“David Allan Cates evokes the human heart out of the landscape, blending the two with so much subtlety and skill that the very world in this novel shimmers with yearning. Tom Connor is as complex and fascinating a character as I have read in contemporary fiction, and Cates has an uncanny ability to evoke the beautiful and terrifying, the feverish and gritty Central American world Connor travels through. Tom Connor’s Gift is a journey into the heart of two continents—and the continent of the human heart—an exploration of dissolution and loyalty, naiveté and cynicism, grief and renewal. In this novel, they all find their place.”
­— Kent Myers

“Sadness and madness, grief and delirium. Tom Connor’s Gift delivers us precious monsters: our first true love and our true lasting love. Coursing between anecdote and musing, this is a novel only grownups can understand. It is smart and ecstatic and will break your goddamn heart.”
­— Bryan Di Salvatore

“David Allan Cates’s Tom Connor’s Gift is extraordinary. The prose is ravishing, the characters are surprising and irresistible, and many of its scenes are so intensely moving that they bring tears of gratitude and pleasure. The book praises long marriage and long friendship, but what I especially appreciate about its vision is how sexually liberating it is for both men and women. Cates is a fierce and fearless writer! One finishes this novel feeling wiser, more alive, and spiritually refreshed.”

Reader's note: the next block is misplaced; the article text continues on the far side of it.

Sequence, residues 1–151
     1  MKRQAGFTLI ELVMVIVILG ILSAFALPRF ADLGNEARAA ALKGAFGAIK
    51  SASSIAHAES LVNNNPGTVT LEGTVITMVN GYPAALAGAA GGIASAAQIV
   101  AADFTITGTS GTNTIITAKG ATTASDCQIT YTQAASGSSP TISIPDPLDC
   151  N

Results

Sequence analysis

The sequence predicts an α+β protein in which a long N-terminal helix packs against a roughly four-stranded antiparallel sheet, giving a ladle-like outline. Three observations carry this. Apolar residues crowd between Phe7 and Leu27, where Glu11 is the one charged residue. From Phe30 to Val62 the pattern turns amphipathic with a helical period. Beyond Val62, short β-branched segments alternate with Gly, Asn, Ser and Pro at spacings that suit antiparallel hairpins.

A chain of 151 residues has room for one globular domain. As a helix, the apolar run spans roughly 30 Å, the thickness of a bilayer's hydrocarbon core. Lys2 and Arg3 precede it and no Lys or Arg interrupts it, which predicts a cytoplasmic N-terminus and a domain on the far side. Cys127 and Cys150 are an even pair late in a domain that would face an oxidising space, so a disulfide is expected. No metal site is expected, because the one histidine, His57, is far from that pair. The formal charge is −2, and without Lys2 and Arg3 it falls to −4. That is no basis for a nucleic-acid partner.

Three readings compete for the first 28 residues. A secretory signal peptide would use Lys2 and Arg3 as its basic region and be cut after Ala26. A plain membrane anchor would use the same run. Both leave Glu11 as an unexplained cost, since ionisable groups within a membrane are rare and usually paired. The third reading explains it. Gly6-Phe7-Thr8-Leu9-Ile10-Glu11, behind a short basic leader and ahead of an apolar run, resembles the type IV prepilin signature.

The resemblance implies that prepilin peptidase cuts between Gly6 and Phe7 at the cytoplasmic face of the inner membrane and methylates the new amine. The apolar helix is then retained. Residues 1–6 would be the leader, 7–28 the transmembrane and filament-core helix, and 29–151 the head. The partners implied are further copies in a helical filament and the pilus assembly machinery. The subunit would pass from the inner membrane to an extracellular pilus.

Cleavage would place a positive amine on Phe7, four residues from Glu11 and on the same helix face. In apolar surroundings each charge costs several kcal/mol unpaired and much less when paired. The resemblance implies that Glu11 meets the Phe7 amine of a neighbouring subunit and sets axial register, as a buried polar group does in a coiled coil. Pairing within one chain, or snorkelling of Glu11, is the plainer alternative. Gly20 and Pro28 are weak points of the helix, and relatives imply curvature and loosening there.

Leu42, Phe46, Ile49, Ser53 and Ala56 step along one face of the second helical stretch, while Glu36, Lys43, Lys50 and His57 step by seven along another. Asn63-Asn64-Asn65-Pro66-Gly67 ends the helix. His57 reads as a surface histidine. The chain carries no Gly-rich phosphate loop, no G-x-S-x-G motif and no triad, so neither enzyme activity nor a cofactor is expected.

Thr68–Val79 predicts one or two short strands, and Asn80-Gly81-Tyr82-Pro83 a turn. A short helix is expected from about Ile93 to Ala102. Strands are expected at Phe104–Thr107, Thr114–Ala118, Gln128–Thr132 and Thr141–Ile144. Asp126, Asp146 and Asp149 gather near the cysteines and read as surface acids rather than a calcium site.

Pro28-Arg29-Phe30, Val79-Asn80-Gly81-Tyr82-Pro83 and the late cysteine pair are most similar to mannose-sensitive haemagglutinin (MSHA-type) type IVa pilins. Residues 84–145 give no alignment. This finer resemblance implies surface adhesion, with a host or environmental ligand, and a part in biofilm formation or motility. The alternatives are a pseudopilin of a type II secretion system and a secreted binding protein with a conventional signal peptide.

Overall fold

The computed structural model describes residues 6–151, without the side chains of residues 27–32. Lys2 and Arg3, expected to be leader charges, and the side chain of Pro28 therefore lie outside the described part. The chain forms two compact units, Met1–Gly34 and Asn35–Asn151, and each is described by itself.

­— David Huddle


David_Allan_CatesI’ve arrived at the back door of the cabin already, and I need to turn around with my armload of wood and use my hip to bump the door but it has latched and won’t open. Irritated, I turn a little too sharply and try to lift the latch with my hand even though I’ve got both arms supporting the wood and my cold fingers balled up in fists. I can’t seem to do it, and finally I have to let the wood drop. I should have bent down and let it roll off my arms but because of my anger I just let it go and try to jump back—a trick I don’t quite manage, as one of the pieces hits my shin on the way down. I unleash a string of cuss words at the top of my lungs. My shin is pounding in pain and I know I’ll have a bruise and probably another bleeding scrape, but I find the echo of my voice off the cliff weirdly amusing.